Thursday, September 24, 2015

Movie with Abe: Misunderstood

Directed by Asia Argento
Released September 25, 2015

Misfits and outcasts of one generation can often be the trailblazers of the next era. The promise of future redemption isn’t much of a comfort during the time at which said rebellion or atypical behavior is occurring, especially since fame and praise often don’t come until after death. Childhood is a particularly trying time where being different or even seeming different can cause society to turn a cold shoulder. “Misunderstood” is a bold, colorful look at one young girl who faced all odds against her and still persisted to be her own person and exist despite obstacles and closed doors at every turn.

Aria (Giulia Salerno) is a nine-year-old in Rome with two sisters and parents who couldn’t possibly hate each other more. Each sister belongs to only one parent, which makes them the natural favorite of their respective parents. Aria is shuttled back and forth from her oblivious famous actor father (Gabriel Garko) and her torrential mess of a musician mother (Charlotte Gainsbourg), cast out repeatedly by each at the first sign of trouble, even and especially if such disturbances are instigated by the preferred sibling. At school, Aria is a star student detested and mocked by all except her kindhearted best friend, Angelica (Alice Pea), who nervously resists any attempts at rebellion that Aria instigates with her.

Aria’s life is exaggerated, with parents who are true caricatures of bad role models and children in adult form, which only makes her school experience all the more bitter since her home life doesn’t afford her any appreciation of the one place in which she can actually excel. Through it all, however, Aria is starry-eyed and hopeful, often imagining a more positive outcome of events, and continuing to try to latch on to each parent in the sparing moments in which they do pay attention to her and spend a few seconds with her doing something other than scolding, hitting, or outright ejecting her from their lives.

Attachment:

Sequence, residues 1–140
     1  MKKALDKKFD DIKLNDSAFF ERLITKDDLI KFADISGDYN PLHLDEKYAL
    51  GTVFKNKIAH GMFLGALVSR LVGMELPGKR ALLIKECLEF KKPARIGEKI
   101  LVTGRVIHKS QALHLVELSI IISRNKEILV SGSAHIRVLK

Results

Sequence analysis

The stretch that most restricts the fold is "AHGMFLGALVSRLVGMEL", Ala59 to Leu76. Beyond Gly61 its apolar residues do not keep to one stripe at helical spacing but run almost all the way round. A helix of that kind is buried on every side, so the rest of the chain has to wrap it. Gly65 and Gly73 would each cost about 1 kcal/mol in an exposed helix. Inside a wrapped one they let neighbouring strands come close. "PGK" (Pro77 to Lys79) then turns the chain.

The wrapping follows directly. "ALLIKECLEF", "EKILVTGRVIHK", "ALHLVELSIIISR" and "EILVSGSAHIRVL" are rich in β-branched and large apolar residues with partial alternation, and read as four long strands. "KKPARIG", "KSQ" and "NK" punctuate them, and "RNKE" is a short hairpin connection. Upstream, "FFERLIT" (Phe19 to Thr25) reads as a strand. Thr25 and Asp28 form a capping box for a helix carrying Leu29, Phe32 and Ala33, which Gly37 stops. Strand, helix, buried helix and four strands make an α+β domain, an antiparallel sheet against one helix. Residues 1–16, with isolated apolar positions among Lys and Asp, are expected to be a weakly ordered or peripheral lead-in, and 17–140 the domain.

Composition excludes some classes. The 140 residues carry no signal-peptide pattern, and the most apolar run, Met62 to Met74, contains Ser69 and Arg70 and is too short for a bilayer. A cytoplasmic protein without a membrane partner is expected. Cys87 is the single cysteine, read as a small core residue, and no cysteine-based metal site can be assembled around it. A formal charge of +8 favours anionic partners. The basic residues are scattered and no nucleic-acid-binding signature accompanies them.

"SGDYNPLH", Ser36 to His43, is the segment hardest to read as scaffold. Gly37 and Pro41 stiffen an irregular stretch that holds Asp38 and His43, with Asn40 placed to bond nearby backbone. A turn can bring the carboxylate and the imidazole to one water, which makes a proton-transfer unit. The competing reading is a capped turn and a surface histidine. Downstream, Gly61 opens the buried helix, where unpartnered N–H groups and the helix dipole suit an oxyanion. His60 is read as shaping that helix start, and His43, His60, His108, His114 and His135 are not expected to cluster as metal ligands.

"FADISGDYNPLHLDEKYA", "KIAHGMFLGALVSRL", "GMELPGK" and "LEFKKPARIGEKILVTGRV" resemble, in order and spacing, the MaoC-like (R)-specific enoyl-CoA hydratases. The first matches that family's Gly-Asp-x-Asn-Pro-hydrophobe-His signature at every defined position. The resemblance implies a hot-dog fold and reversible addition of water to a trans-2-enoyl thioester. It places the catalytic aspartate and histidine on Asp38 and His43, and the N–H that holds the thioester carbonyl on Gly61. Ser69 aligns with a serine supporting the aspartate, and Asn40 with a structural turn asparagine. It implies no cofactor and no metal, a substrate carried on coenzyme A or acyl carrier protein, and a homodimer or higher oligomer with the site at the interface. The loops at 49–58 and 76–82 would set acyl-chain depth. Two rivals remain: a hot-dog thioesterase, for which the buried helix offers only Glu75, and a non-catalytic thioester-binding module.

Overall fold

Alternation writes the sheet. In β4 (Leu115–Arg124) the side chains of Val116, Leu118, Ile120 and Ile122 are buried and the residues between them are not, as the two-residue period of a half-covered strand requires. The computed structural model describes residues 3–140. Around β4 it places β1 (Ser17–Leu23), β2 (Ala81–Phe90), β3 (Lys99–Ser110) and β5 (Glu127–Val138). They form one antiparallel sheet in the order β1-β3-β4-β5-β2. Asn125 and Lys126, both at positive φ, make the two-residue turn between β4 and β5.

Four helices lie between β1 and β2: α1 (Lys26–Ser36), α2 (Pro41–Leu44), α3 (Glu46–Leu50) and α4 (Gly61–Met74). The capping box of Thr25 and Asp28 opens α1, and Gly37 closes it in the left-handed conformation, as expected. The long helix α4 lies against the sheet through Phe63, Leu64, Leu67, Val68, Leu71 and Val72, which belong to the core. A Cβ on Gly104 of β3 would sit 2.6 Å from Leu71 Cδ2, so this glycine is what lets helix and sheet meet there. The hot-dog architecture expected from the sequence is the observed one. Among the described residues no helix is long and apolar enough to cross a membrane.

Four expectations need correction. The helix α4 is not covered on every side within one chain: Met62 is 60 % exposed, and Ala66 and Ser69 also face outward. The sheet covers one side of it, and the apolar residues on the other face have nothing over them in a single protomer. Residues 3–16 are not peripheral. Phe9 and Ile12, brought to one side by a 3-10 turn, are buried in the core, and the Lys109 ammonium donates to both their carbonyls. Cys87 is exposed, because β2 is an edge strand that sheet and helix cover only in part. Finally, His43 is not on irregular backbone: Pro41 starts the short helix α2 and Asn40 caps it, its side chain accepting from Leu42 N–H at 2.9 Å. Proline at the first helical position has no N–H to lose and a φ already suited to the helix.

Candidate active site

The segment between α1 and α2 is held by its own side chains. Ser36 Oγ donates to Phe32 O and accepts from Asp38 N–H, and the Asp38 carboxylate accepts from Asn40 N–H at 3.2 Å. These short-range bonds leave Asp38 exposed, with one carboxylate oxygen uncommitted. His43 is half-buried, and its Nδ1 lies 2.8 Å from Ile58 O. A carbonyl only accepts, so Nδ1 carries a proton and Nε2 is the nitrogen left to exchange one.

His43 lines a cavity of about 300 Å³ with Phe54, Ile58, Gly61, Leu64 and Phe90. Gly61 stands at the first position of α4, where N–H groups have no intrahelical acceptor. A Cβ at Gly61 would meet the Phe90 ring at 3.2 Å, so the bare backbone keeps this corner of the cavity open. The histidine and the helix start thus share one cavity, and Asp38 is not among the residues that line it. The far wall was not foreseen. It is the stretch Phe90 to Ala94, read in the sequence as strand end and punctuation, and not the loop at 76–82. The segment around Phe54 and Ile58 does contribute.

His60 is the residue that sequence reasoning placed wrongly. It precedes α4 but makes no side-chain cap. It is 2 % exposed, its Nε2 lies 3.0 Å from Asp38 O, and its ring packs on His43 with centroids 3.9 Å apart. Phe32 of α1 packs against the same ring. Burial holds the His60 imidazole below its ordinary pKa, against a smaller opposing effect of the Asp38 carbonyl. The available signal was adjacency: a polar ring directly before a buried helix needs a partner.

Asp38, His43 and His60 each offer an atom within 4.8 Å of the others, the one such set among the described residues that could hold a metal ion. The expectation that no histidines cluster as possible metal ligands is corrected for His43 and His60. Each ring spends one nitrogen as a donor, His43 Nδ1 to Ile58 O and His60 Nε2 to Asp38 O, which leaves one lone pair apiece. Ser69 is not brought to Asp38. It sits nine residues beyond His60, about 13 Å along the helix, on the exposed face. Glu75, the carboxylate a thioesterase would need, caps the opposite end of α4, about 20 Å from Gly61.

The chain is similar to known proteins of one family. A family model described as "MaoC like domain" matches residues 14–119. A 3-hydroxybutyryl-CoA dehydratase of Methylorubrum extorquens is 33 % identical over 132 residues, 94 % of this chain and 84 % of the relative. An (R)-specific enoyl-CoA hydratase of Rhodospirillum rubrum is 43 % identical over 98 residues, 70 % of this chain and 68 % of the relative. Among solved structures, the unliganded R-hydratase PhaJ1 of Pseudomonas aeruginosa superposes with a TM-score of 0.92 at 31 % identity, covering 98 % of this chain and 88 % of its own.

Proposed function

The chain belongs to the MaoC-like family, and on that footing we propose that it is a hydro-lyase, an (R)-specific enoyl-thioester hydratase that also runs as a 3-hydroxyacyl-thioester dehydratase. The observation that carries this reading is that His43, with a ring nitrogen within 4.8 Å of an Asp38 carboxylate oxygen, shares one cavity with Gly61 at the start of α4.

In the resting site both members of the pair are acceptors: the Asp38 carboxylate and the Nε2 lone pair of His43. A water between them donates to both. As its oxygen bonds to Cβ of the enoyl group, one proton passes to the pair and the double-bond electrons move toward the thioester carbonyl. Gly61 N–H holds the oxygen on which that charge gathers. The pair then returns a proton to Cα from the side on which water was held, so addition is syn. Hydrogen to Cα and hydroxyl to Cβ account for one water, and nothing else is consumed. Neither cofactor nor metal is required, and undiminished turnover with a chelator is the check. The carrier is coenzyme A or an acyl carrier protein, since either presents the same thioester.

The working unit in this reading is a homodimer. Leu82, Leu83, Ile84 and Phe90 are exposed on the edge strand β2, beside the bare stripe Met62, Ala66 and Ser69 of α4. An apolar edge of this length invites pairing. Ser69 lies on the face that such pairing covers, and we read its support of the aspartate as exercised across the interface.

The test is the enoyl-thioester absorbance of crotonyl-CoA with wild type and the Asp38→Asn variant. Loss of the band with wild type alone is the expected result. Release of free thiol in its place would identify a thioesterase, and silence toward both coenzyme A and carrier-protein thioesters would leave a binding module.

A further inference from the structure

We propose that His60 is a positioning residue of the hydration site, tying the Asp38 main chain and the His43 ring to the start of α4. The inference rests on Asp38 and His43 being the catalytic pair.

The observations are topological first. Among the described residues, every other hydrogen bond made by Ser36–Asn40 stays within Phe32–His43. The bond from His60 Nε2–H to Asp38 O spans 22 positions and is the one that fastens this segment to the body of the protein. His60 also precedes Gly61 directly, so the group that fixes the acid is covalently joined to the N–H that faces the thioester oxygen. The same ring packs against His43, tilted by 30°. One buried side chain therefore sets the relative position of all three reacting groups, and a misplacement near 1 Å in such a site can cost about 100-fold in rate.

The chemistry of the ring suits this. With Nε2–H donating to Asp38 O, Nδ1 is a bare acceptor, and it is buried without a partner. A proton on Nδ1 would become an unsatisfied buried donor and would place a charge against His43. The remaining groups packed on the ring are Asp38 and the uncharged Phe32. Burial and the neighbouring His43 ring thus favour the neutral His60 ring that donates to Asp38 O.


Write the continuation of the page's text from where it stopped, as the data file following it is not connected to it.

Fourteen-year-old Salerno, who has already been appearing in Italian projects for several years, does a superb job of making Aria a relatable protagonist who still pushes the limits of normal and conventional even if her particular circumstances did not exist. The actors portraying her parents, particularly the dependable Gainsbourg, contribute strongly in creating monsters so self-obsessed and fickle that it’s a wonder they even hang on to their children for as long as they do. This film is an occasionally funny, occasionally disturbing, and fully engaging experience from Italian actress-director Asia Argento that works well in any language.


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